Business Relief – the missing and costly link

31 May 2022

There’s a key point missing from the advice most IFAs are giving on business relief – and it could be costly, says Ben Mason, CEO of Kinherit.

We all know business relief can be a powerful tool when it comes to IHT planning, and with more people now being taxed on death, the potential to grow this side of your business is huge. But what if the advice you’re giving isn’t as watertight as you think it is?

We’ve discovered there’s a gap between the recommendations you may be giving your clients on business relief, and the reality of actually being able to put this into practice. In other words, your clients may not be able to achieve the IHT savings you’re saying they will. And it’s all because of a simple business clause that needs to be added to their Will.

Why a business clause is so necessary

When advising on IHT, you’re probably working on the basis your clients will benefit from maximum relief on their business assets upon death (100% for certain assets, 50% on others). But these maximum amounts can only be guaranteed if business assets are separately identified in their Will in a particular way.

A clause needs to be included to state that business assets are to be gifted to a specific beneficiary who preferably has no other tax exemptions. If they’re not separated out in this way, they’ll be considered part of the client’s residual estate, where there are often other tax breaks at play (spousal exemption for example). This can lead to doubling up on exemptions and wasting the business relief available ­– which could be a lot of money.

Under an illustrative scenario, with £900k business assets as part of a £2m estate and distributions to spouse and children, the failure to amend the Will could add a tax liability of over £100,000.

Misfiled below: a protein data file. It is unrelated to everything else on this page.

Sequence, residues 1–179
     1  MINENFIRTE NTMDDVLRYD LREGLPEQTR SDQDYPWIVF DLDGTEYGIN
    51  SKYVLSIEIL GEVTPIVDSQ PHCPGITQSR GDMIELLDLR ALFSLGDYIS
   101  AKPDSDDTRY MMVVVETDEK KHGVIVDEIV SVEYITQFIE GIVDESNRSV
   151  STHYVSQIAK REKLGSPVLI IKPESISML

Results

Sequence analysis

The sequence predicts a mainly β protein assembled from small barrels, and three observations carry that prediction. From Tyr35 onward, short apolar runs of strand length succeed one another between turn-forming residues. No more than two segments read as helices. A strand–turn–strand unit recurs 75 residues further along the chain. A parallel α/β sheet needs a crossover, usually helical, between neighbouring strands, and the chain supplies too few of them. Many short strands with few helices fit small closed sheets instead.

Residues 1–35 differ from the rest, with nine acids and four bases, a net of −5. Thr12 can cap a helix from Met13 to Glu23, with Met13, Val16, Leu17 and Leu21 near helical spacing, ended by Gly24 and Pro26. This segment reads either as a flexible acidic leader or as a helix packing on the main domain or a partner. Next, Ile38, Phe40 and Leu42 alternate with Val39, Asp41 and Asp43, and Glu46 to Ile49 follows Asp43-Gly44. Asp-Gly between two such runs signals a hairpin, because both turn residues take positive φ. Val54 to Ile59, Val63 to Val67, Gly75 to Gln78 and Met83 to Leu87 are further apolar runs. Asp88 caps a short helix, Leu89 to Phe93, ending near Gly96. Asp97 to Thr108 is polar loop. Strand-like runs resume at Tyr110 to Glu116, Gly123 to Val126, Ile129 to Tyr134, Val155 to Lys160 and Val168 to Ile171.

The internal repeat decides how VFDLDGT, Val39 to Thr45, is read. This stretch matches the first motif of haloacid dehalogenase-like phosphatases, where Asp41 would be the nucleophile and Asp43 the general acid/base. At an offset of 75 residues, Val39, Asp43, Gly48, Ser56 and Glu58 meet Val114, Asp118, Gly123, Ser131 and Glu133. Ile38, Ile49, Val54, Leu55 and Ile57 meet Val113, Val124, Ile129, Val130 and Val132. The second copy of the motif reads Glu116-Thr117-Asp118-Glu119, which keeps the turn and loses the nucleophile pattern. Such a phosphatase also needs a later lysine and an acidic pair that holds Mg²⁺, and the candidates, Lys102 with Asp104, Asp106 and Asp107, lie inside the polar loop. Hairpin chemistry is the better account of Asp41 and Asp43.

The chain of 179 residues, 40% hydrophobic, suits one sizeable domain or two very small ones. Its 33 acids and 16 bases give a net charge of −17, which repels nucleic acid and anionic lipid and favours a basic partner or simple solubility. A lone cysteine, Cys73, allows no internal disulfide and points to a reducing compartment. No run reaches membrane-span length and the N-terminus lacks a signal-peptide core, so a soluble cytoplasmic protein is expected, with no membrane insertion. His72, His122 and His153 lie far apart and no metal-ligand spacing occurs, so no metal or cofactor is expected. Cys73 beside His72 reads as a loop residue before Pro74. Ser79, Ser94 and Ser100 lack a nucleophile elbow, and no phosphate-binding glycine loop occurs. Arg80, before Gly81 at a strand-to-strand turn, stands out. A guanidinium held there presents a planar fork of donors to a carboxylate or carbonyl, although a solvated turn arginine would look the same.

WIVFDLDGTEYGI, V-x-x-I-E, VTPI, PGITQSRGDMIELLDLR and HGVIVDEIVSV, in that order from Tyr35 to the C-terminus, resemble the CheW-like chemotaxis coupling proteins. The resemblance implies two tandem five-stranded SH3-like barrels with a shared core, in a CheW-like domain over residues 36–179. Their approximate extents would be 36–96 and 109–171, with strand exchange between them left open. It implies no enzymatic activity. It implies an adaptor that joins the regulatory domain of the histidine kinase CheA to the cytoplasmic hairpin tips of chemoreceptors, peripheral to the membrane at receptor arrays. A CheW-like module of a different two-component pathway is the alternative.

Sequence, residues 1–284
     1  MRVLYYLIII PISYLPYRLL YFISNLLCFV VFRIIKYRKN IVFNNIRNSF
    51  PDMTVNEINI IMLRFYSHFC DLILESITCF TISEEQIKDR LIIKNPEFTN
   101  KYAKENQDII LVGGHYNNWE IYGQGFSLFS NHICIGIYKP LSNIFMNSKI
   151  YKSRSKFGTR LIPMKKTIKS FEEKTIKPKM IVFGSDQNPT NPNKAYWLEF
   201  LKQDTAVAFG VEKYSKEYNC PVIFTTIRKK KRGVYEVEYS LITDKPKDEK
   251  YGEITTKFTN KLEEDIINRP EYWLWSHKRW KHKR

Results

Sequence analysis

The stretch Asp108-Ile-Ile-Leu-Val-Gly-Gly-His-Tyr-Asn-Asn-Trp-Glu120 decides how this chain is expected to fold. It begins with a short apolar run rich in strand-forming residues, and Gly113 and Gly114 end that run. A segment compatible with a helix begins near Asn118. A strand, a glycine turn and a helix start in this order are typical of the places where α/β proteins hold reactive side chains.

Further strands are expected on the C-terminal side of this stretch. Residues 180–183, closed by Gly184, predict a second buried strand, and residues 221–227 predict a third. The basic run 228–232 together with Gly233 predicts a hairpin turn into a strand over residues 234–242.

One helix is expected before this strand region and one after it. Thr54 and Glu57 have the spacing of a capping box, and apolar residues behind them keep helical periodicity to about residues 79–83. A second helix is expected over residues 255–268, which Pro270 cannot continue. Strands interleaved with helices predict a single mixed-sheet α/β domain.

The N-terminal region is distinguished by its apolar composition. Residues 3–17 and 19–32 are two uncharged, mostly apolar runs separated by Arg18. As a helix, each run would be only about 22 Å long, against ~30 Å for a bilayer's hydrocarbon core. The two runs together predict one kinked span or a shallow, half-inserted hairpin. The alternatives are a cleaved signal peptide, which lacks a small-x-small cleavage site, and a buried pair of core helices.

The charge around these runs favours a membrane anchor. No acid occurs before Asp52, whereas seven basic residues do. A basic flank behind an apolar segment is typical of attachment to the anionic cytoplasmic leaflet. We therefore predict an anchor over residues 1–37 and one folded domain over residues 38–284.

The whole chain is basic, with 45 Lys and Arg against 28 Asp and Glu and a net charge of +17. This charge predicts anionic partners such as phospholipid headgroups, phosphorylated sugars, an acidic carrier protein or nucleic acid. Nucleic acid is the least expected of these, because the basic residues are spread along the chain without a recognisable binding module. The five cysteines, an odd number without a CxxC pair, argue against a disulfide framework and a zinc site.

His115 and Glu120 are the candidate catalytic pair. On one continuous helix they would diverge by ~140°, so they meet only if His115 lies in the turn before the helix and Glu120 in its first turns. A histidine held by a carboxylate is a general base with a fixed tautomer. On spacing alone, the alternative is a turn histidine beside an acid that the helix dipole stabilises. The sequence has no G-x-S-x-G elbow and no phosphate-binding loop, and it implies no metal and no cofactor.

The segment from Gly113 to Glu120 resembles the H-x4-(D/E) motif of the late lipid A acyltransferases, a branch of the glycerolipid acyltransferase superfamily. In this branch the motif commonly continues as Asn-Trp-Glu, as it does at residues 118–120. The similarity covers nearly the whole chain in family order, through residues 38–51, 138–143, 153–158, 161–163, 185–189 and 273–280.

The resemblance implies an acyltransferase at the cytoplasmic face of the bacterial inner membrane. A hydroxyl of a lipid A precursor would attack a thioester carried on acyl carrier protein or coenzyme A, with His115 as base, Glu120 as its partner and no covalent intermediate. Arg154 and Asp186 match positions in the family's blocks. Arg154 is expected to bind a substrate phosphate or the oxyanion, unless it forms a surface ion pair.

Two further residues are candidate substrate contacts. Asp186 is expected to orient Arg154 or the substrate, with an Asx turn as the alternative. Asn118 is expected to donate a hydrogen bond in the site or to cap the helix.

Adding a business clause is therefore critical (and simple to do). But the problem is, most Wills don’t.

Why do many Wills not contain this clause?

We have reviewed hundreds of Wills that should have had a business clause (or business trust) in place, but under 5% actually included it. This wasn’t a huge surprise. Unlike financial services, the Will industry isn’t regulated, which means the quality of Will-writing in the UK is alarmingly low. Many people become Will-writers without the STEP qualification and other training necessary to produce effective Wills.

Why haven’t you heard about this before?

We believe this oversight has arisen because it sits in the gap between financial and legal advice. IFAs would (understandably) assume that a Will written for a client with business assets would include all the necessary clauses to protect their interests. But because the quality of Wills is often poor, financial advisers are placing more confidence in the Will-writing process than is perhaps prudent.

What are the risks for IFAs?

Well, it raises some awkward questions. If you’re recommending a tax break that doesn’t deliver what’s promised, can this be considered mis-advice? It’s unclear where the legal obligation lies but if you advise your clients to get their Wills checked it will certainly give you peace of mind you’ve done your bit.

Take it one step further with a trust

Whilst a business clause in a Will is the key to maximising tax relief, it’s worth being aware of the extra benefits a business trusts can bring. Ringfencing assets in a business trust on death will ensure the maximum relief is obtained, but also protects these assets for immediate and future beneficiaries against threats like divorce and bankruptcy.

So, what’s should you do?

You’ll need to ensure any client you’ve advised on business relief in the past gets their Will reviewed for a business clause as soon as possible. And when advising in the future, you can make it clear from the start that this clause – or a trust – will also be needed to guarantee your advice will work.

Professional Paraplanner